Fatemeh Keshavarz, born and raised in the city of Shiraz, completed her studies in Shiraz University and the University of London. She taught at Washington University in St. Louis for over twenty years where she chaired the Department of Asian and Near Eastern Languages and Literatures from 2004 to 2011. In 2012, Keshavarz joined the University of Maryland as Roshan Institute Chair in Persian Studies and Director of Roshan Institute for Persian Studies. Keshavarz is author of award winning books including Reading Mystical Lyric: the Case of Jalal al-Din Rumi (USC Press,1998), Recite in the Name of the Red Rose (USC Press, 2006) and a book of literary analysis and social commentary titled Jasmine and Stars: Reading more than Lolita in Tehran (UNC Press, 2007). She has also published other books and numerous journal articles. Keshavarz is a published poet in Persian and English and an activist for peace and justice. She was invited to speak at the UN General Assembly on the significance of cultural education. Her NPR show “The ecstatic faith of Rumi” brought her the Peabody Award in 2008. In the same year, she received the Herschel Walker Peace and Justice Award.
Marjan Moosavi is the Roshan Lecturer in Persian Studies and Performing Arts and a member of the Roshan Initiative in Persian Digital Humanities. She holds a Ph.D. in Theatre and Performance Studies from the University of Toronto. Her work, whether academic or artistic, examines the dynamics of theatre-making and performance in the Persianate world and their intersection with gender, religion and politics. Her scholarly articles and interviews are published in The Drama Review (TDR), New Theatre Quarterly, Modern Drama and Asian Theatre Journal. She is also a longstanding Regional Managing Editor for TheTheatreTimes.com. Dr. Moosavi’s digital and curatorial collaborations include Digital Guide to Theater of the Middle East and the First Digital Photo Exhibition of the Middle Eastern Theatre. She is the recipient of the Fellowship offered at the Mellon School of Theatre and Performance Research at Harvard University. Her research interests include theatre and performance studies, Middle Eastern (and Persian) Studies, diaspora and migration, digital humanities and multimedia art studies.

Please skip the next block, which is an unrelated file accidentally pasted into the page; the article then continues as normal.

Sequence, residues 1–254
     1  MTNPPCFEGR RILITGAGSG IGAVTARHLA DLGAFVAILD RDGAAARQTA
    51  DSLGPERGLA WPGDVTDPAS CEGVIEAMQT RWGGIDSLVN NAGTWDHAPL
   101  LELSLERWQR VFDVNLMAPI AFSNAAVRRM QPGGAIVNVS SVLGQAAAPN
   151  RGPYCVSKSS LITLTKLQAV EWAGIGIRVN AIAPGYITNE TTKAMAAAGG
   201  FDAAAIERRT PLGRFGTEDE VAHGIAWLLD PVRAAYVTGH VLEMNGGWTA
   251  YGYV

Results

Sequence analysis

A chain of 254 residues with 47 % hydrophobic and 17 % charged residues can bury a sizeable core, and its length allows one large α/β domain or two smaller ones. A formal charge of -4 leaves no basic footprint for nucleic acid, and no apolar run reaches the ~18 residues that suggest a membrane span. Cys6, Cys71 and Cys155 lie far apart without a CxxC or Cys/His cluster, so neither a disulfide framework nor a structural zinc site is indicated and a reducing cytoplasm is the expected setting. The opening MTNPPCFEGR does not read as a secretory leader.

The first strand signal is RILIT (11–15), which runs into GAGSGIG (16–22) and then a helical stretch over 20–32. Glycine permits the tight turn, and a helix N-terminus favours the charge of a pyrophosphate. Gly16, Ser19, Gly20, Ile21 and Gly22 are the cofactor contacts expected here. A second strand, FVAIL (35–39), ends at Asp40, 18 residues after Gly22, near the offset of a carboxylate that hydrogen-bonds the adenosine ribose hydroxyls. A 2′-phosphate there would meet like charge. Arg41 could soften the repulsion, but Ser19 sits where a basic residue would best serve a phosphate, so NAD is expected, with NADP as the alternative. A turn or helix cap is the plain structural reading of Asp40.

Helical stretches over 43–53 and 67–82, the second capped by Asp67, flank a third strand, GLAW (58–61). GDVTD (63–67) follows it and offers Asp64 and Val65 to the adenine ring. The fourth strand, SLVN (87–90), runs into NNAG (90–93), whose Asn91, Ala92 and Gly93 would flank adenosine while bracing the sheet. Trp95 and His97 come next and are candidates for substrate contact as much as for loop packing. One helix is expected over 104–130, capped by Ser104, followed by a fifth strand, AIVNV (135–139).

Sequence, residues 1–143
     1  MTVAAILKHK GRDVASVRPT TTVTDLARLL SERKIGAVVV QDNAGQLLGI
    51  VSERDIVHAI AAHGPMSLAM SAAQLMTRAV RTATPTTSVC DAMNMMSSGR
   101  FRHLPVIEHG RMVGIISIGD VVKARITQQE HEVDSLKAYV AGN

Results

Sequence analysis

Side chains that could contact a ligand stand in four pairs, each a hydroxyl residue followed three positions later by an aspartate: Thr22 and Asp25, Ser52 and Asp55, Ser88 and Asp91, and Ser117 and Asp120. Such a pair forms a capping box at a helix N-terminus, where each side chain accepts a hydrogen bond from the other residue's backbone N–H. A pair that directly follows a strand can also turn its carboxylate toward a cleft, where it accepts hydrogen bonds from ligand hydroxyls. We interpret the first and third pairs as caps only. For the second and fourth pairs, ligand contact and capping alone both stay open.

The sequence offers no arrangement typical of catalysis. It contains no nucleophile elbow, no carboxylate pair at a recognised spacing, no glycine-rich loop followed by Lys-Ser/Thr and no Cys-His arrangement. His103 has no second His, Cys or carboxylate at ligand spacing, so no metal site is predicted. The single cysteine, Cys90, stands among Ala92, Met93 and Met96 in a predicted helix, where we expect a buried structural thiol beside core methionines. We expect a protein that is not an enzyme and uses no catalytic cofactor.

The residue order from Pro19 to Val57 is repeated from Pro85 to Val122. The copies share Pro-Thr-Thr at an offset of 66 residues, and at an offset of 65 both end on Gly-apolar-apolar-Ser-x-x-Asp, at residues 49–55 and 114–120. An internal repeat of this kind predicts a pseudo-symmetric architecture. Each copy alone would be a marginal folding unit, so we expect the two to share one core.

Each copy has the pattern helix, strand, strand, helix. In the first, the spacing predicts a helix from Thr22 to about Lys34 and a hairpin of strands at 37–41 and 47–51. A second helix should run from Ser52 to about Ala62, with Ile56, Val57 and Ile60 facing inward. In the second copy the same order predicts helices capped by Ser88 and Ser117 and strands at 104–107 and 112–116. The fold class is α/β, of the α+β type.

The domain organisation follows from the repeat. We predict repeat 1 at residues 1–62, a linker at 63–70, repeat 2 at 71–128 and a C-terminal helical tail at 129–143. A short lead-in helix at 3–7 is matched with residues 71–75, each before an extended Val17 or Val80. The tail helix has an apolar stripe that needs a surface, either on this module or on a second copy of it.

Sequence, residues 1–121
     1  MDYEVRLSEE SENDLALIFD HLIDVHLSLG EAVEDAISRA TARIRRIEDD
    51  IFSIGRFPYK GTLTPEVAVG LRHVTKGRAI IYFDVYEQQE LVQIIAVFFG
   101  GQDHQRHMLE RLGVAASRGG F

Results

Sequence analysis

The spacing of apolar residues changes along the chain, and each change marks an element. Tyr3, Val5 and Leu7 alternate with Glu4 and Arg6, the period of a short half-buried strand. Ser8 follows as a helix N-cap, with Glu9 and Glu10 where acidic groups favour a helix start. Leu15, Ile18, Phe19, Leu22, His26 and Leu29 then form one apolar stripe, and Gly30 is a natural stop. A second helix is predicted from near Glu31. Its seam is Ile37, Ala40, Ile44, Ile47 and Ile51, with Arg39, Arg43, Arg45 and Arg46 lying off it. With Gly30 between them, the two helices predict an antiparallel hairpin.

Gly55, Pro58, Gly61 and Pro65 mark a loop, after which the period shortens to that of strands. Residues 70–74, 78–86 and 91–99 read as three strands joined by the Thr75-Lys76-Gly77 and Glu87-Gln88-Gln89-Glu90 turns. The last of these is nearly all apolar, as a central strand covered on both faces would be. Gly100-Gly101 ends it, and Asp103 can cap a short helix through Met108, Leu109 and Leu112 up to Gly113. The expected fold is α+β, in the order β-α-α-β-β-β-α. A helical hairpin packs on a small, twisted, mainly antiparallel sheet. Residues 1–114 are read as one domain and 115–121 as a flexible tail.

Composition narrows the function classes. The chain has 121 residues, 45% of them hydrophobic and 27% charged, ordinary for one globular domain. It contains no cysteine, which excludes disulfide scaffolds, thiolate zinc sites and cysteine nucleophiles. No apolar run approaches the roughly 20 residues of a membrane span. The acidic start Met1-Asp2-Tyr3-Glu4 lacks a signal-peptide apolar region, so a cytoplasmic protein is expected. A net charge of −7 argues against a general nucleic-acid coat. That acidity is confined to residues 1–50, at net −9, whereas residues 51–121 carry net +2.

DON’T MISS RICH KIDS: A HISTORY OF SHOPPING MALLS IN TEHRAN!
Thu, Sep 30, 2021 • 7PM
Fri, Oct 1, 2021 • 7PM
Around the world, the gap between rich and poor continues to widen. Images of the children of the elite and of post-colonial dictatorships often feature cash and seaside holidays while the working population suffers under sanctions and dictatorships. In this virtual presentation, The Javaad Alipoor Company’s Rich Kids: A History of Shopping Malls in Tehran explores entitlement and greedy consumption, as well as the role of digital technology, in creating this new apartheid and gentrification. As the performance is completely live streamed, audiences can access the performance from the comfort of their own homes with a supplemental experience on Instagram that is not required, but highly recommended!
Always taking stories beyond the stage through powerful multi-platform creations, The Javaad Alipoor Company explores the intersection of politics and technology in our ever-changing world. The company is devoted to creating works for diverse audiences and communities, and their 2021-22 virtual visit with The Clarice will include an Arts Citizenship Talk (ACTnow), visits to the UMD School of Theatre, Dance, and Performance Studies and a dynamic partnership with UMD’s Roshan Institute for Persian Studies. In 2017, the company began writing a trilogy that highlights society’s fracturing identities and technology’s impact on the world; Rich Kids is the second installment.
HOW AND WHERE TO WATCH
This livestream will not be presented on The Clarice’s Vimeo platform. The performance will be streamed through a YouTube link hosted by Javaad Alipoor Company. Ticket holders will receive access links to their email. As you stream the event, we invite you to follow simultaneously on instagram to enhance your viewing experience by following @shoppingmallsintehran, where artists will facilitate additional interactive components.